EXCLUSIVE: Msaki talks freedom and music – ‘True change at the root is all we hope for’

Despite Msaki’s claim to fame in recent years on features such as Wish You Were Here by DJ Black Coffee and Prince Kaybee’s Fetch Your Life, Msaki’s career spans close to two decades. While reading and prepping for my interview with her, I discovered that the East London-born singer and songwriter musician, whose real name is Asanda Msaki Mvana, has been involved with a wide variety of bands. In 2015, she sang for a brass-heavy jazz band in Port Elizabeth before joining alternative rock band The Patience in 2008, according to Show Me.

Msaki is also part of Nando’s music initiative Bridges For Music, a non-profit organization gathering key players from the music industry to support its responsible development in developing countries, leaving a positive impact in disadvantaged communities and helping to raise global awareness about local issues through music. In essence, Nando’s involvement in music is about deepening their connection to creative communities by supporting emerging talent in South Africa.

It has been three years since the release of her debut album Zaneliza: How the Water Moves. I chat to her about the album, notions of freedom and Youth Month, in the lead of her performance at this year’s Basha Uhuru Festival, at Constitution Hill on 29 June.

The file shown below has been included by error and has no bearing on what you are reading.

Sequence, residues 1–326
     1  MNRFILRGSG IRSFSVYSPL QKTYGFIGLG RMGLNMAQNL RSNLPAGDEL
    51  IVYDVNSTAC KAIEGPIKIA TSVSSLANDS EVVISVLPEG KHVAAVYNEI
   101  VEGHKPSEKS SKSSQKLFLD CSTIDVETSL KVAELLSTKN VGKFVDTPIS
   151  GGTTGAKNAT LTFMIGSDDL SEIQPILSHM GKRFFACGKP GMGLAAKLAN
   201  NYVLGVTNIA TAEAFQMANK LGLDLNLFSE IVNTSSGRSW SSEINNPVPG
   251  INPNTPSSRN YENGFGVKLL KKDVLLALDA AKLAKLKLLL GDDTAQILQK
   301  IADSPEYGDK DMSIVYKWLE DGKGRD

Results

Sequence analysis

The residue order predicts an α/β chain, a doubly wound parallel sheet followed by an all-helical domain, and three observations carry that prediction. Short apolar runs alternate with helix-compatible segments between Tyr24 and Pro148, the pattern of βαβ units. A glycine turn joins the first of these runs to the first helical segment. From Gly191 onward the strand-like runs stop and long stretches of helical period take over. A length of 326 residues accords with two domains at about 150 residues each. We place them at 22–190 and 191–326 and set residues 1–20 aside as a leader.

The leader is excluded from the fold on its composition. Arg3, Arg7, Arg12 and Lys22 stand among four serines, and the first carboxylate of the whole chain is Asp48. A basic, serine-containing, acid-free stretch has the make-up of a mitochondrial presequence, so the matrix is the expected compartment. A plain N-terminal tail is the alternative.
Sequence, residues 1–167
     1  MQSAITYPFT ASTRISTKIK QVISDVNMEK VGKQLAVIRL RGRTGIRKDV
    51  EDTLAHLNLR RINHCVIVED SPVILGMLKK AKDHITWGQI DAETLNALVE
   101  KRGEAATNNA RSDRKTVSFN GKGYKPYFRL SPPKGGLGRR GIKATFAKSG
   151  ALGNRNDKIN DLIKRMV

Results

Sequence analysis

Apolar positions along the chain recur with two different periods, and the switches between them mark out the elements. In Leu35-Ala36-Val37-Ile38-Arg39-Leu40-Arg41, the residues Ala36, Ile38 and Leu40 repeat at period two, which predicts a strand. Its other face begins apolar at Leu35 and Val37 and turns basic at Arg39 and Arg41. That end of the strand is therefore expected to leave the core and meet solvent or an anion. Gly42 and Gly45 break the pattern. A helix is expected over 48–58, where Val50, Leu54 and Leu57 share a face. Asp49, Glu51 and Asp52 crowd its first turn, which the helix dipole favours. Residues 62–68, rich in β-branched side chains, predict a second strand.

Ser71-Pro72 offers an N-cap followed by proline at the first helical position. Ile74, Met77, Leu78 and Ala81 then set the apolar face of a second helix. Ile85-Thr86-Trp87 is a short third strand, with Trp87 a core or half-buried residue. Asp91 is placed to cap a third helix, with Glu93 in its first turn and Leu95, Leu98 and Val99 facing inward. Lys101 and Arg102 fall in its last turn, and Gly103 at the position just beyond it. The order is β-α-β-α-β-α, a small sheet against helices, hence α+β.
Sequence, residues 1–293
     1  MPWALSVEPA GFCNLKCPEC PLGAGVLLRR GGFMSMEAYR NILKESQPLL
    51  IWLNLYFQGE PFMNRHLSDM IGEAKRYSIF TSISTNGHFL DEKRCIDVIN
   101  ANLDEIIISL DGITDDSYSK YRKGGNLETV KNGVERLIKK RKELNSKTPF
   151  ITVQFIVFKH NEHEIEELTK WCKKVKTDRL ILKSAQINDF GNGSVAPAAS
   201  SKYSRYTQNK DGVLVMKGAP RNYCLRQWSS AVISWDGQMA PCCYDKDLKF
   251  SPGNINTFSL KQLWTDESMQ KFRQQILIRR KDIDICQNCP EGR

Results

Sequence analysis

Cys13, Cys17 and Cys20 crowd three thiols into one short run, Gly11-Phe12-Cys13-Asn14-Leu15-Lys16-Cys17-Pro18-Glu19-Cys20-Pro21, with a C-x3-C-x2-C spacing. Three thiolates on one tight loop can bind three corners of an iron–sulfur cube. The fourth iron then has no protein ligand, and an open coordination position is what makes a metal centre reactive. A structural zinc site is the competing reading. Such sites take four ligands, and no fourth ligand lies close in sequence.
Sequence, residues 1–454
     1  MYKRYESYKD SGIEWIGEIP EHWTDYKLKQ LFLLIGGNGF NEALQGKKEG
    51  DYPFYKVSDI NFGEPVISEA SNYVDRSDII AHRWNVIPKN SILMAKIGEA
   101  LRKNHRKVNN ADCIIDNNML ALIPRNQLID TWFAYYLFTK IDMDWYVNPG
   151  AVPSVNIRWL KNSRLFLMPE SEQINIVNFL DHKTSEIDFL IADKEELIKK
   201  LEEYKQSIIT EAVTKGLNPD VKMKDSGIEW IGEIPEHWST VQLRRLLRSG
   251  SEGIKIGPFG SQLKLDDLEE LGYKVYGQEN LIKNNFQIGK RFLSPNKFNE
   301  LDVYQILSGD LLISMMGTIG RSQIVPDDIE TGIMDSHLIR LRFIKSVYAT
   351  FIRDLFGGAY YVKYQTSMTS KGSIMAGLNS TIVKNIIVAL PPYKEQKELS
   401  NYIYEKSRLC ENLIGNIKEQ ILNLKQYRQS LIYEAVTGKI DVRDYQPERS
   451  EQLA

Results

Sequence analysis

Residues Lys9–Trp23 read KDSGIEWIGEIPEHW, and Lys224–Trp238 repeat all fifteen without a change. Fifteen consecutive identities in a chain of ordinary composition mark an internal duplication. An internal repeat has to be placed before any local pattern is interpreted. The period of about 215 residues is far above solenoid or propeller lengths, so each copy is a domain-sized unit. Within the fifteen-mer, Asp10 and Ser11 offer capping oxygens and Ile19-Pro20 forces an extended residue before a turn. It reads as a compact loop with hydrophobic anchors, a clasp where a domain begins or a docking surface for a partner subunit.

Can you briefly introduce yourself?

My name is Msaki, I am an artist, singer, songwriter, composer and curator.

Talk us through the creative process of Zaneliza: How the Water Moves.

It was simple, I wrote songs over a couple of years, mostly alone and I looked at the list of songs I had and decided to make an album. I arranged for other musicians to be part of them, that happened organically through performing the songs in different setups.

What are you trying to communicate through your art?

I am not really trying to do anything through my art. My art is doing stuff through me and I guess that’s a story that is still being told.

What does being part of Basha Uhuru mean to you and what are you most looking forward to?

The festival has always been on beat in terms of having a line up that’s interesting and relevant, but not necessarily popular. I am looking forward to being part of the line-up because I like most of the artists that are on there. Basha Uhuru taking place during Youth Month asks questions about why we have these voices and platforms, and how to best use them as a nation.

What does freedom mean to you?

It means the liberty to use my voice for something that I find important and having the freedom to create platforms for causes I believe in.

With that said, where would you like see SA in the next 5 years? Do you think there are any important conversations we should be having as the youth to advance the current state of our country?

It would be great if black people have land, if people could protest without getting shot at, and if our current president wasn’t a servant of white monopoly capital. True change at the root is all we hope for.

What can we expect from you for the rest of 2019?

More songwriting, more composing, more collaborations and the work will hopefully announce itself when it’s ready.

This article was originally published on Basha Uhuru.